December 1, 2014
Russia okays seafood exports from 14 Sri Lanka firms
The Russian Federation has approved the entry of fish-product exports from 14 Sri Lankan companies, its Ministry of Agriculture said.
The ministry said the companies' products had passed the standards of the Federal Service of Veterinary Surveillance, which is under the agriculture ministry.
A Sri Lankan government statement said, "The fact that approval has been granted to export Sri Lankan fish products to Russia is testimony to the high quality and standard of Sri Lankan fish products supplied to the international market and the confidence reposed in Sri Lankan fish exporting companies meeting the strict standards of the Russian authorities."
Sri Lanka said it had made efforts to obtain the approval through its embassy in Russia and that the approval includes access, without Customs duties, to the Belarus and Kazakhstan republics, which have established a Customs Union with Russia.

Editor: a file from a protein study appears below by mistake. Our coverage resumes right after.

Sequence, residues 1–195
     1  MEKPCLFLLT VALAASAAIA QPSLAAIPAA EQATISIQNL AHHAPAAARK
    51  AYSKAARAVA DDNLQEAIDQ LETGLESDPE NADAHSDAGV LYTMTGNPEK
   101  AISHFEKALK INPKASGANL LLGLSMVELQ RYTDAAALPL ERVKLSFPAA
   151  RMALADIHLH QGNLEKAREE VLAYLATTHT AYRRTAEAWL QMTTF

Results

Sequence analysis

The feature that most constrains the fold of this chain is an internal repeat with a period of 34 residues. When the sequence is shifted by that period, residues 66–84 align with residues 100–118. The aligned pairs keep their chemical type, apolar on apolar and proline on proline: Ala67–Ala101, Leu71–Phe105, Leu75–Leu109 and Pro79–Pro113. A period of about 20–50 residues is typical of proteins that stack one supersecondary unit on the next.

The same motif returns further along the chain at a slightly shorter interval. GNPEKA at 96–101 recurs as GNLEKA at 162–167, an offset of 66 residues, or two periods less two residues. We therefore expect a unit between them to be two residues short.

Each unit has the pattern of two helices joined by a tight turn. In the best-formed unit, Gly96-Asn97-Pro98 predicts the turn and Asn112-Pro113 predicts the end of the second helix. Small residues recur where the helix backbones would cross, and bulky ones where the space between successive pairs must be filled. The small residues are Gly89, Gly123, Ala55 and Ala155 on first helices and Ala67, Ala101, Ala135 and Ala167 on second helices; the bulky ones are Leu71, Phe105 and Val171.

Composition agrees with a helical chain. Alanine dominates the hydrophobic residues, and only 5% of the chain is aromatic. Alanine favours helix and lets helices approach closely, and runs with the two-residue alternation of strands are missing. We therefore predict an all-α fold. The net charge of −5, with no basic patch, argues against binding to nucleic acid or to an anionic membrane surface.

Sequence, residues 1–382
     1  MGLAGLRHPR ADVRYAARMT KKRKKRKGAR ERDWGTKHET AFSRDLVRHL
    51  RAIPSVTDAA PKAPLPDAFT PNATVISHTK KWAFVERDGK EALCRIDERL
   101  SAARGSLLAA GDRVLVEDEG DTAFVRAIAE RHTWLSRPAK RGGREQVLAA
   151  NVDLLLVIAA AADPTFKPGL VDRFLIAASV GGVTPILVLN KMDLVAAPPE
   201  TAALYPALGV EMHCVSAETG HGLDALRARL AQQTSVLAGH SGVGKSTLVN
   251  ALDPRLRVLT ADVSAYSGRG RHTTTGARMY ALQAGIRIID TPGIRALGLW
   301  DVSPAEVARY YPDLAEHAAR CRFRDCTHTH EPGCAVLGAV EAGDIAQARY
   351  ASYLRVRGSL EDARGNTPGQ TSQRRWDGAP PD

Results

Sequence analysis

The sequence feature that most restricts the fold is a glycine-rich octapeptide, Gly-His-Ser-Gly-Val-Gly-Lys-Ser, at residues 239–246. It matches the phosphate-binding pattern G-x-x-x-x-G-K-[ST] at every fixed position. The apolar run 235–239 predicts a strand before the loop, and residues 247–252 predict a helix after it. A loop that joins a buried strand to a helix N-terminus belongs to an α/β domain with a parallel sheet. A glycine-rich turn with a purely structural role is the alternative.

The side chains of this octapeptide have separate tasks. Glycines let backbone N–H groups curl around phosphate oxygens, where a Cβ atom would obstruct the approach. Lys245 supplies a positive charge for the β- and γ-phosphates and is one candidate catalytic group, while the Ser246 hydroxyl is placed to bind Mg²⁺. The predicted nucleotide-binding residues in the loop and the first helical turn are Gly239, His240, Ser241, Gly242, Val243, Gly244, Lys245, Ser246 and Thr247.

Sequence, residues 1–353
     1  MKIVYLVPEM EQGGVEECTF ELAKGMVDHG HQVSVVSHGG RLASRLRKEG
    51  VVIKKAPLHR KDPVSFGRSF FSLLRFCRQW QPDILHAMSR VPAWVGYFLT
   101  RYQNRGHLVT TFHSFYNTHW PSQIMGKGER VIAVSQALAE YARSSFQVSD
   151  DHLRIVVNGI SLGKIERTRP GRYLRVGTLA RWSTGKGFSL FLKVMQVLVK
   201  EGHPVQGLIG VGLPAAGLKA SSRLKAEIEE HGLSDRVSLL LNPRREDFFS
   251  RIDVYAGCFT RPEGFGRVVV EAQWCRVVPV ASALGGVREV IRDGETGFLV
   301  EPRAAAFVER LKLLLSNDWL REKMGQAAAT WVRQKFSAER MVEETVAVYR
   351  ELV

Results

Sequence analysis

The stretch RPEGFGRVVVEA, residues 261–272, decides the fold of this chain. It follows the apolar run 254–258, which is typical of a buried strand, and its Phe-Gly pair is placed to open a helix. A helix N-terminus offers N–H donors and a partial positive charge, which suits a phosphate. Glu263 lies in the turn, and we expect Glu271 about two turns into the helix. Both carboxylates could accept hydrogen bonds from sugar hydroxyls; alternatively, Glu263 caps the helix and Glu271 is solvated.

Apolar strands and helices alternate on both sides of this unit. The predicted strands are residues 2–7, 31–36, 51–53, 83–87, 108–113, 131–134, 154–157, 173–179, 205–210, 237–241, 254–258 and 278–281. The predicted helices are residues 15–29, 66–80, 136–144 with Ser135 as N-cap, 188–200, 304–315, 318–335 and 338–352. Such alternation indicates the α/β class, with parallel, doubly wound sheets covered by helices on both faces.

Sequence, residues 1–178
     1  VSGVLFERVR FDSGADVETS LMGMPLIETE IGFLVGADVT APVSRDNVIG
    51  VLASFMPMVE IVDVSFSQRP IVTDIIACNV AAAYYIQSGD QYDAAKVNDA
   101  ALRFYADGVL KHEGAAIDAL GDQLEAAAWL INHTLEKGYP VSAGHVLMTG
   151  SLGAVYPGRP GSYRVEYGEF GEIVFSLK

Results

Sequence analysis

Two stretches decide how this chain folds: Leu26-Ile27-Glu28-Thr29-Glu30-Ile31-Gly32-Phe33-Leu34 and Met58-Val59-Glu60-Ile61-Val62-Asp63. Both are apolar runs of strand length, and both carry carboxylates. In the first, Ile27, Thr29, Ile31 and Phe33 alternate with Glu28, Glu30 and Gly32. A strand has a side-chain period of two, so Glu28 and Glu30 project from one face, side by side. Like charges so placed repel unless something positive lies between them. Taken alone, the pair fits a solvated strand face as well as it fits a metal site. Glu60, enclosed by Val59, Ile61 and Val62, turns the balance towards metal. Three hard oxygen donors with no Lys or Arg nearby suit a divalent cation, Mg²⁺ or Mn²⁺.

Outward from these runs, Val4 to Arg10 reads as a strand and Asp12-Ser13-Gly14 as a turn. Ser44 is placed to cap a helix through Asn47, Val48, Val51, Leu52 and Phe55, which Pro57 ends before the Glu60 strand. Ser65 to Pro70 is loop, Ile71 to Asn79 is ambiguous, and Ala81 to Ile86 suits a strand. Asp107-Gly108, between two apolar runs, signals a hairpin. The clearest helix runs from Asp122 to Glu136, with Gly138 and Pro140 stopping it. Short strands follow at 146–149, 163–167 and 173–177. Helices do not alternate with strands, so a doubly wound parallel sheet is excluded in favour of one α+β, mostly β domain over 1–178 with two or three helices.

It added that the approved companies would be able to export seafood under the categories of fresh or chilled fish, frozen fish, fish fillets and other fish meat, and dried or salted fish.
Based on data from the Russian Federal Customs Service, Russia imported last year 443,014 tonnes of fish and fish products (valued at US$1.58 billion) under those categories. During the first three quarters this year, Russia imported 484,000 tonnes of fish and fish products valued at US$1.42 billion.
Russia has increasingly sourced its meat and seafood supplies from non-traditional suppliers following the trade sanctions imposed by the EU and the US, as well as a few other countries, starting in March when Russia annexed Ukraine's Crimea region.
Earlier in August, Russia authorised seafood imports from Peruvian, Chilean and South African firms.
Russia's seafood imports in terms of volume spiralled down by 19.2% during the first nine months compared with the same period last year, data showed. During this period, on August 7, Russia banned agricultural and food product imports--including meat, poultry, fish, seafood, milk and dairy products--from Australia, Canada, the EU, the US and Norway to retaliate those countries' trade sanctions.
Even before August, imports of seafood from January to July already decreased by 16.5% year on year. The only months that the imports registered an increase were March and July.